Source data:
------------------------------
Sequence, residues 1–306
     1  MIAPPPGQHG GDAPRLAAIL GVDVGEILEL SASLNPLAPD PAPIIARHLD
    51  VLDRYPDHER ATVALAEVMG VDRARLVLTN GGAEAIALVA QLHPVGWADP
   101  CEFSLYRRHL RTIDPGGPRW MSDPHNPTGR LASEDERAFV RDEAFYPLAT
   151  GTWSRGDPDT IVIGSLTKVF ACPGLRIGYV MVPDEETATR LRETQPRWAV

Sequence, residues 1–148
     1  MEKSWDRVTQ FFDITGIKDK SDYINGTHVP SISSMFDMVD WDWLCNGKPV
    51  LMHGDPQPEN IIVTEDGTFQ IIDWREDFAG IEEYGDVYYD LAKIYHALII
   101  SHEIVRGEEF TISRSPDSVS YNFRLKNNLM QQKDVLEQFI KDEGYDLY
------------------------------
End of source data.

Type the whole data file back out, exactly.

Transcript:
Sequence, residues 1–306
     1  MIAPPPGQHG GDAPRLAAIL GVDVGEILEL SASLNPLAPD PAPIIARHLD
    51  VLDRYPDHER ATVALAEVMG VDRARLVLTN GGAEAIALVA QLHPVGWADP
   101  CEFSLYRRHL RTIDPGGPRW MSDPHNPTGR LASEDERAFV RDEAFYPLAT
   151  GTWSRGDPDT IVIGSLTKVF ACPGLRIGYV MVPDEETATR LRETQPRWAV

Sequence, residues 1–148
     1  MEKSWDRVTQ FFDITGIKDK SDYINGTHVP SISSMFDMVD WDWLCNGKPV
    51  LMHGDPQPEN IIVTEDGTFQ IIDWREDFAG IEEYGDVYYD LAKIYHALII
   101  SHEIVRGEEF TISRSPDSVS YNFRLKNNLM QQKDVLEQFI KDEGYDLY